Add Years to your life expectancy with fish oil
There are so many different recommendations on how to live a healthier life. Eat your 5 a day, don’t drink sugary drinks, eat nuts, get enough sleep, avoid processed food. It’s easy to lose track.
Luckily for you we aim to focus on one thing in particular. Omega-3.
Last week a new study came out about the benefits of omega-3, and they proved pretty impressive. Here’s what the results have to say
Researchers analysed data on blood fatty acid levels in 2,200 people over the age of 65 for 11 years. The aim was to understand which fatty acids function as good predictors of mortality. The result indicated that omega-3 fulfilled this role1.
When you hear fatty acid, your brain automatically assumes the worst, that doesn’t sound healthy, right? WRONG. The study shows that incorporating omega-3 into your diet can increase your life expectancy by almost 5 years, the same amount of time that is believed to be cut off your life if you smoke regularly. *Adds salmon to basket*
Despite only having been conducted on Americans, the study can be seen as mostly reflective of the population as a whole. However, if you don’t believe it, there is thought to be a new study analysing the effects across a group of European origin – but you might have to wait 11 years.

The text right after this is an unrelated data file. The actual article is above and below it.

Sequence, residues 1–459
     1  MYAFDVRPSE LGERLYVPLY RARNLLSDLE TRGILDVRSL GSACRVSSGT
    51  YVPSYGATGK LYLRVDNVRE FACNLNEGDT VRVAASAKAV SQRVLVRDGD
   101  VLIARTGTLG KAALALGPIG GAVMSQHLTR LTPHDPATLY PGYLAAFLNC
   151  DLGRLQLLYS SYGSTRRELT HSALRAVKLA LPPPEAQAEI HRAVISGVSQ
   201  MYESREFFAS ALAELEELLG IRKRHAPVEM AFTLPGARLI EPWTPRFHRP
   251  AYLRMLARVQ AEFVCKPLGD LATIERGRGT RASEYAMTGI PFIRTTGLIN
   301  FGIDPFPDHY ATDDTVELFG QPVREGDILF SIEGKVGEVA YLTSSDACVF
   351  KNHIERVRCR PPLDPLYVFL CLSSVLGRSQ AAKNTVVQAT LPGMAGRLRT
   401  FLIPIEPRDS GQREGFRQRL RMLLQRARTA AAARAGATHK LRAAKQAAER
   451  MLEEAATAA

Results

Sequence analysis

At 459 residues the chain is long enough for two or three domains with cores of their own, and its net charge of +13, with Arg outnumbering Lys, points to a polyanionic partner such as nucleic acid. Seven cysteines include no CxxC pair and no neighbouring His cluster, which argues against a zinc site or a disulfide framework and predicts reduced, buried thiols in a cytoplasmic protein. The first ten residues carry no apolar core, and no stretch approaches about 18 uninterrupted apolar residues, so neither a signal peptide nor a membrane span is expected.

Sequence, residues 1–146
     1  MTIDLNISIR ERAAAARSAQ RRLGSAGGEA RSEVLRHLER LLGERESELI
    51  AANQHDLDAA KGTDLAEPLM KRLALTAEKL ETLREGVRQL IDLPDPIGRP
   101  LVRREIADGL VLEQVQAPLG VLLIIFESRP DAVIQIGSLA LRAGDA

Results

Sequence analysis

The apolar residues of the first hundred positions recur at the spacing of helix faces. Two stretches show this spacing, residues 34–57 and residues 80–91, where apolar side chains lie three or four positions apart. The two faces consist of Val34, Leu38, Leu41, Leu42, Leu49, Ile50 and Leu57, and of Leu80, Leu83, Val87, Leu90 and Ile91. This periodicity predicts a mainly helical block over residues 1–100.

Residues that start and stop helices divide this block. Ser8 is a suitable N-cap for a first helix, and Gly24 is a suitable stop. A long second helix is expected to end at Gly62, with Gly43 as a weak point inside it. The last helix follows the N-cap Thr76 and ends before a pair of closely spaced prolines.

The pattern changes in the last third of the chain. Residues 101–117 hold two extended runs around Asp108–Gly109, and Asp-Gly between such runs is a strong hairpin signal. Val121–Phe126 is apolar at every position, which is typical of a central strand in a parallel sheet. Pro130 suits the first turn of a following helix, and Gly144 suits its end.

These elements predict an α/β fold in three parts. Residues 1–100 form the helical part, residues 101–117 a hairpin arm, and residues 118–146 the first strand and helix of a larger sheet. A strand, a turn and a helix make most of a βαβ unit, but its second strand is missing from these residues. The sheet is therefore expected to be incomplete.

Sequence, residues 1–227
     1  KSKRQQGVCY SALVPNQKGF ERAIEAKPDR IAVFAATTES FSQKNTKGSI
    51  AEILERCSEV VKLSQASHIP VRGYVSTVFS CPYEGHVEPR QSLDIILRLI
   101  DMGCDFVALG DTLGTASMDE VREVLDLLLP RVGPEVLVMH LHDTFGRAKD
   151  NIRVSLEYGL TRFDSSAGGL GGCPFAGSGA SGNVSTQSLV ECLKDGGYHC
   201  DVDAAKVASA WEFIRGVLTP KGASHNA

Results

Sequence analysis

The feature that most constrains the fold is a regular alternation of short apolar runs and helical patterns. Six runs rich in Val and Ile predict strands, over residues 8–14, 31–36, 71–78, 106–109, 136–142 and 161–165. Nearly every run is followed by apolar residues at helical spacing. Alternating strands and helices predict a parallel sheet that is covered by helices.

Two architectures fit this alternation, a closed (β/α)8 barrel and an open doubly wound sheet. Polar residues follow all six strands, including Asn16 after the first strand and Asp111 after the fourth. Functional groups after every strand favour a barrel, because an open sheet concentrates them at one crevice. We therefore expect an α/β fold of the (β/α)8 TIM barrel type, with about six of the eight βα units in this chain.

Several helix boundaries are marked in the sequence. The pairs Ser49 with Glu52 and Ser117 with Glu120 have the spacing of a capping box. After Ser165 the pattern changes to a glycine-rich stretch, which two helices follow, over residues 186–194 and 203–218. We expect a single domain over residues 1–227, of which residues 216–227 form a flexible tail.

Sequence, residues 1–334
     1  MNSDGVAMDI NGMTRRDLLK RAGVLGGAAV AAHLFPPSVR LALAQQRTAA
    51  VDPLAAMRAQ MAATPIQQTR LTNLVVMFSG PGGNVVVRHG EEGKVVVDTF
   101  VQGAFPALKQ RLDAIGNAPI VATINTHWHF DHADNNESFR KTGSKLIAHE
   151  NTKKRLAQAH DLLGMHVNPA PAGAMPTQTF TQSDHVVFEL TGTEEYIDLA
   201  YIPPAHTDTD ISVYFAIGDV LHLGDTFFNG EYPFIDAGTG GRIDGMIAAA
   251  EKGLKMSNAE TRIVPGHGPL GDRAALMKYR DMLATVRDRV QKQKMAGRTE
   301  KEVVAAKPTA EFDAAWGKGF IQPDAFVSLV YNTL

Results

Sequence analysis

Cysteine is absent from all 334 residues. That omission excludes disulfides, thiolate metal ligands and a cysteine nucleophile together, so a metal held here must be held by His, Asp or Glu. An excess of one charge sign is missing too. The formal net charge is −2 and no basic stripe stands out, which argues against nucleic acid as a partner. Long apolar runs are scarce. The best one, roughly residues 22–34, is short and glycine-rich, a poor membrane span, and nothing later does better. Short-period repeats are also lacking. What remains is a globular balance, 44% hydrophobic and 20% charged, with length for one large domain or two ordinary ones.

So what can you do?
Unfortunately, our bodies don’t make omega-3 fatty acids on their own. Which means we need to find a source in our diet. Bad news for any vegans, but any oily, fatty fishes, like salmon and sardines, are an excellent source of omega-3. In fact, the American Heart Association recommends eating oily fish twice a week. However, this is not the only option, chia seeds, kidney beans and edamame are also full of omega-3.
Alternatively, if you would rather not alter your diet, or your budget can’t stretch to endless salmon – we know ours can’t, then omega-3 supplements can be very helpful. An average portion of salmon contains 730 milligrams of omega 3, and one supplement can contain 1000 milligrams. According to Health line the recommended daily intake of omega-3 is 1,000 mg for women and 1,600 for men. Sounds like supplements might be the most cost-effective answer!